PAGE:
Office: 726 LRDC
Phone: (412) 624-7493
Assistant Professor, University of Pittsburgh Department of Psychology
Research Scientist, Learning Research & Development Center
- Causal learning, reasoning, and judgment
- Medical diagnosis and decision-making
Derringer, C., & Rottman, B. (2018). How people learn about causal influence when there are many possible causes: A model based on informative transitions. Cognitive Psychology.
Soo, K. W., & Rottman, B. M. (2018). Causal Strength Induction from Time Series Data. Journal of Experimental Psychology: General, 147(4), 485-513.
Soo, K. W., & Rottman, B. M. (2018). Switch Rates Do Not Influence Weighting of Rare Events in Decisions from Experience, but Optional Stopping Does. Journal of Behavioral Decision Making.
Rottman, B. M., Marcum, Z. A., Thorpe, C. T., & Gellad, W. F. (2017). Medication adherence as a learning process: Insights from cognitive psychology. Health Psychology Review, 11(1), 17-32.
Rottman, B. M. (2017). Physician Bayesian updating from personal beliefs about the base rate and likelihood ratio. Memory & Cognition, 45, 270-280.
Rottman, B. M. (2017). The acquisition and use of causal structure knowledge. In M.R. Waldmann (Ed.), Oxford Handbook of Causal Reasoning (pp. 85-114). Oxford: Oxford U.P.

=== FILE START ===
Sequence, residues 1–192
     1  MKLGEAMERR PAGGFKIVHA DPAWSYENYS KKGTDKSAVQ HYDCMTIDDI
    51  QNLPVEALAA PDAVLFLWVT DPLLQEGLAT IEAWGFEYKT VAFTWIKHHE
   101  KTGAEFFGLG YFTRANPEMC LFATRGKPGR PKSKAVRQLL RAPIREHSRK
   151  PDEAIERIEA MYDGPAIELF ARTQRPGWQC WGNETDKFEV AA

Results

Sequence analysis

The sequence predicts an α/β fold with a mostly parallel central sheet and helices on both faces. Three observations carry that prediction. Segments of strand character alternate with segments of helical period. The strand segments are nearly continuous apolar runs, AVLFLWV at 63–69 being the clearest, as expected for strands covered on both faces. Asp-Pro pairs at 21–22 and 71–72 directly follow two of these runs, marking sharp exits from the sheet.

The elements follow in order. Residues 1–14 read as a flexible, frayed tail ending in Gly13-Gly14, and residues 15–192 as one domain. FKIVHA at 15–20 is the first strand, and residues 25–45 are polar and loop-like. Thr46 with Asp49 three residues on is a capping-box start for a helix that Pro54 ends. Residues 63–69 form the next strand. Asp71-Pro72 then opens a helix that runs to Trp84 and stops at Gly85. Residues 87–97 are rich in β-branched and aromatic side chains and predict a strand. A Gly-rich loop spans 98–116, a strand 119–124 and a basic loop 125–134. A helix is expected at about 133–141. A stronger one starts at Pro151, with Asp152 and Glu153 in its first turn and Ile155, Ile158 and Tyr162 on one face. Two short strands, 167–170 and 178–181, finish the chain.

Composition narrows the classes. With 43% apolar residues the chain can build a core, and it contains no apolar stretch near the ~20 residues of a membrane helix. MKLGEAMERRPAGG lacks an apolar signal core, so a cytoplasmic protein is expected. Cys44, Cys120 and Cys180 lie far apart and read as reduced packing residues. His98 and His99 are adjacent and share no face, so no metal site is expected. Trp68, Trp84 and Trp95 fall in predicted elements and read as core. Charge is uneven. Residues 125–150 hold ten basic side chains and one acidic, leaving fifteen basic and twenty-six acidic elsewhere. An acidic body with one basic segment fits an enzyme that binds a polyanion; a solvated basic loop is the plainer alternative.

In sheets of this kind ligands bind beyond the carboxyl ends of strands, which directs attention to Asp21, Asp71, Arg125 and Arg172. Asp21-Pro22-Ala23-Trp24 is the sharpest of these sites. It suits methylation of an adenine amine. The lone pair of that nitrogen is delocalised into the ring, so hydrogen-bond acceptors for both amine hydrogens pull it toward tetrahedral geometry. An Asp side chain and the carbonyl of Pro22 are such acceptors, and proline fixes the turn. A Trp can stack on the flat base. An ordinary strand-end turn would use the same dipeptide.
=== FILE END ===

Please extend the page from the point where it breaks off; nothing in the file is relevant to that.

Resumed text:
Rottman, B. M. (2016). Searching for the best cause: Roles of mechanism beliefs, autocorrelation, and exploitation. Journal of Experimental Psychology: Learning, Memory, & Cognition,42(8), 1233-1256.
Rottman, B. M., Hastie, R. (2016). Do people reason rationally about causally related events? Markov violations, weak inferences, and failures of explaining away. Cognitive Psychology, 87, 88-134.
Rottman, B. (2016). Physician Bayesian updating from personal beliefs about the base rate and likelihood ratio. Memory and Cognition, 1-11.
Rottman, B.M., Prochaska, M.T. & Deaño, R.C. (2016). Bayesian reasoning in residents’ preliminary diagnoses. Cognitive Research: Principles and Implications, 1(5).
Derringer, C. & Rottman, B. M. (2016). Temporal causal strength learning with multiple causes. In A. Papafragou, D. Grodner, D. Mirman, & J. Trueswell (Eds.), Proceedings of the 38th Annual Conference of the Cognitive Science Society. Austin, TX: Cognitive Science Society.
Soo, K. & Rottman, B. M. (2016). Causal learning with continuous variables over time. In A. Papafragou, D. Grodner, D. Mirman, & J. Trueswell (Eds.), Proceedings of the 38th Annual Conference of the Cognitive Science Society. Austin, TX: Cognitive Science Society.
Soo, K. & Rottman, B.M. (2014) Learning Causal Direction from Transitions with Continuous and Noisy Variables. In P. Bello, M. Guarini, M. McShane, & B. Scassellati (Eds.), Proceedings of the 36th Annual Conference of the Cognitive Science Society. Austin, TX: Cognitive Science Society.
Rottman, B.M. (2014) Information Search in an Autocorrelated Causal Learning Environment. In P. Bello, M. Guarini, M. McShane, & B. Scassellati (Eds.), Proceedings of the 36th Annual Conference of the Cognitive Science Society. Austin, TX: Cognitive Science Society.
Rottman, B. M., & Hastie, R. (2014). Reasoning about causal relationships: inferences on causal networks. Psychological Bulletin, 140(1), 109-139.